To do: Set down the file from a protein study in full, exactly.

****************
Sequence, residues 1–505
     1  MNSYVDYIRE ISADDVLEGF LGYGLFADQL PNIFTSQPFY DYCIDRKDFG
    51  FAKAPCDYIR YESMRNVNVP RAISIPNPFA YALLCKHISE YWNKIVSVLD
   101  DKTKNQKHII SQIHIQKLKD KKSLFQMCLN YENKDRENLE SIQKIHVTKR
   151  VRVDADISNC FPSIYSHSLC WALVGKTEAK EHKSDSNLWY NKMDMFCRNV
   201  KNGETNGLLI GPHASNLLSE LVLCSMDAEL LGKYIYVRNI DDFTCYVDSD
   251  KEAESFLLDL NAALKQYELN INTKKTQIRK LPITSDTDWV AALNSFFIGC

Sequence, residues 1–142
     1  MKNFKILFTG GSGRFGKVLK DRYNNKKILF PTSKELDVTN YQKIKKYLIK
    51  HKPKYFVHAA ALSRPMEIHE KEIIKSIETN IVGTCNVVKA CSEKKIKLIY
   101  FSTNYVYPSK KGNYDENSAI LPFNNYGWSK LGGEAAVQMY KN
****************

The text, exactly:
Sequence, residues 1–505
     1  MNSYVDYIRE ISADDVLEGF LGYGLFADQL PNIFTSQPFY DYCIDRKDFG
    51  FAKAPCDYIR YESMRNVNVP RAISIPNPFA YALLCKHISE YWNKIVSVLD
   101  DKTKNQKHII SQIHIQKLKD KKSLFQMCLN YENKDRENLE SIQKIHVTKR
   151  VRVDADISNC FPSIYSHSLC WALVGKTEAK EHKSDSNLWY NKMDMFCRNV
   201  KNGETNGLLI GPHASNLLSE LVLCSMDAEL LGKYIYVRNI DDFTCYVDSD
   251  KEAESFLLDL NAALKQYELN INTKKTQIRK LPITSDTDWV AALNSFFIGC

Sequence, residues 1–142
     1  MKNFKILFTG GSGRFGKVLK DRYNNKKILF PTSKELDVTN YQKIKKYLIK
    51  HKPKYFVHAA ALSRPMEIHE KEIIKSIETN IVGTCNVVKA CSEKKIKLIY
   101  FSTNYVYPSK KGNYDENSAI LPFNNYGWSK LGGEAAVQMY KN